This type of trojan secretly installs spy programs and/or keylogger programs.
Once detected, the F-Secure security product will automatically disinfect the suspect file by either deleting it or renaming it.
The primary payload of Trojan:W32/Zbot variants focuses on stealing online banking information. They also have limited backdoor and proxy capabilities.
Zbot is also known as Zeus or Wsnpoem. This malware is discussed in our Labs Weblog:
- LNK Vulnerability: Chymine, Vobfus, Sality and Zeus
- Just what is this botnet called Kneber?
- When Phishing Isn't Phishing
A variant of the Zbot trojan is known as Citadel, and is based on source code that was leaked out on the Internet 2011. More information about this variant, and other variants based on the leaked Zeus source code, is available in the following Threat Reports:
The Zbot trojan creates a %windir%\system32\wsnpoem folder in which it places two files, video.dll and audio.dll. These files are used to store information stolen from the infected system, as well as an encrypted configuration file which the trojan downloads from a predefined location. The wsnpoem folder and its content are usually hidden using stealth techniques.
The Zbot trojan also copies itself to %windir%\system32\ntos.exe (or in some variants, ...\oembios.exe). A random amount of junk data is appended to the copy in an attempt to make its detection more difficult.
During installation, the Zbot trojan will check the running programs for firewall related processes such as outpost.exe or zlclient.exe. If either of these processes are running, the trojan only copies itself to the system32 folder, then exits. If it is safe to proceed, it will amend the registry keys to enable the malware to execute at every startup, which will also cause it to inject itself into other processes.
The Zbot-trojan starts its main information-stealing function by opening a connection to a remote server and downloading an encrypted configuration file. This file contains the address where the trojan will later upload the information it has stolen; an address where it can download a new version of itself; and the address of another configuration file. This file also defines what websites the trojan will target for information theft.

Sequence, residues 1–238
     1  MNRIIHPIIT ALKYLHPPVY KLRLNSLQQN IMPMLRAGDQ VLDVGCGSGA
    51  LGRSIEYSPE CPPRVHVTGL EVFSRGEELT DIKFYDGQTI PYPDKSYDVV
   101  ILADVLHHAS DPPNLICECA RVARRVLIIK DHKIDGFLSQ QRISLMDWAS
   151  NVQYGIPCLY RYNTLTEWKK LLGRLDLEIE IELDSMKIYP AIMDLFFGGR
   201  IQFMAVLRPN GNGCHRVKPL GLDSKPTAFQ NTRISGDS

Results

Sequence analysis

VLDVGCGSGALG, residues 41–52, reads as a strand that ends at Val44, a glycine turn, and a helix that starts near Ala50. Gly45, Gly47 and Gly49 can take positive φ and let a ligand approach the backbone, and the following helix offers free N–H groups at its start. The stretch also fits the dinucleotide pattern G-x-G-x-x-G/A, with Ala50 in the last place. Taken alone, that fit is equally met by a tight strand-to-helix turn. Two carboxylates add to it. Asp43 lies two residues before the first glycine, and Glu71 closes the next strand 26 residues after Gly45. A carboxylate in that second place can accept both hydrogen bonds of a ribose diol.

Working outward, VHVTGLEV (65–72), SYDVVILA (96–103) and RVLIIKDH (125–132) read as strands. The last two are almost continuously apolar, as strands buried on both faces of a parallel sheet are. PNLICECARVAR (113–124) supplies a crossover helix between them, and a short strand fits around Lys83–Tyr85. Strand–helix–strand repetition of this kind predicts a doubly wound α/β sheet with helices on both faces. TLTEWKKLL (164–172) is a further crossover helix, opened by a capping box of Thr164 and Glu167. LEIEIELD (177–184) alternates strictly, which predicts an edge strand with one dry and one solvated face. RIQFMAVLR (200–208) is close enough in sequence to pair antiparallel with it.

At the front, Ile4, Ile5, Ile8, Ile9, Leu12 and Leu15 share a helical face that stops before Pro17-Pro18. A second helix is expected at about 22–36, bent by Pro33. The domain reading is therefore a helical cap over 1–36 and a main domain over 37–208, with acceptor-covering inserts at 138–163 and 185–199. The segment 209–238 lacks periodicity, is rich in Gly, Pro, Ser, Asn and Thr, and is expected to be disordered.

Once the configuration file is downloaded, any confidential banking data the victim types in is compromised. If the victim enters account information on an online banking site, the trojan intercepts the data in the webform and uploads it to the server defined in the trojan's configuration file. To gather more information, the malware author can even create additional fields, which are then injected into a targeted webpage for the unsuspecting victim to fill in.
Zbot-trojans are also capable of presenting the victim with a fake version of a webpage. Victims trying to browse specific webpages will be presented with a modified copy of the website from a server controlled by the attacker, rather than the correct webpage from the legitimate server. Again, any information entered is captured by the attacker.
Keylogging, stealing data from the clipboard and taking screenshots of the desktop are also in Zbot arsenal. Zbot trojans steal the content of the Windows Protected Storage, as well as certificates stored on the infected system. Username and password information for POP3 and FTP protocols are also stolen.
Zbot trojans have limited backdoor functionality, which mainly involve executing a file already on the system or downloading a new version of itself.
A Zbot-trojan can also act as a proxy-server. Other miscellaneous functionality includes the ability to modify the content of %windir%\system32\drivers\hosts, and to redirect or block access to websites.